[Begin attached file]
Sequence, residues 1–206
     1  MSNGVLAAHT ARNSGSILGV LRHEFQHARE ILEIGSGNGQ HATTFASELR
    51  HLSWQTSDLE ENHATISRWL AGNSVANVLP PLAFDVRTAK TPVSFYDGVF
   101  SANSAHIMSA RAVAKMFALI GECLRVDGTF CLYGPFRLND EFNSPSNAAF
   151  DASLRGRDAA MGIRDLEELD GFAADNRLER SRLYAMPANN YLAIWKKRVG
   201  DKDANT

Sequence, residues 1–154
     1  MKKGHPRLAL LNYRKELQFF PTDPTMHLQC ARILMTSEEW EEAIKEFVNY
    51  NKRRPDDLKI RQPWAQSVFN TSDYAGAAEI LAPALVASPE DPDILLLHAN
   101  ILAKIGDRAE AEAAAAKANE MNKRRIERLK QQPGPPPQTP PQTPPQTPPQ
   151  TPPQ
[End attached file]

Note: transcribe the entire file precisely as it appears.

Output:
Sequence, residues 1–206
     1  MSNGVLAAHT ARNSGSILGV LRHEFQHARE ILEIGSGNGQ HATTFASELR
    51  HLSWQTSDLE ENHATISRWL AGNSVANVLP PLAFDVRTAK TPVSFYDGVF
   101  SANSAHIMSA RAVAKMFALI GECLRVDGTF CLYGPFRLND EFNSPSNAAF
   151  DASLRGRDAA MGIRDLEELD GFAADNRLER SRLYAMPANN YLAIWKKRVG
   201  DKDANT

Sequence, residues 1–154
     1  MKKGHPRLAL LNYRKELQFF PTDPTMHLQC ARILMTSEEW EEAIKEFVNY
    51  NKRRPDDLKI RQPWAQSVFN TSDYAGAAEI LAPALVASPE DPDILLLHAN
   101  ILAKIGDRAE AEAAAAKANE MNKRRIERLK QQPGPPPQTP PQTPPQTPPQ
   151  TPPQ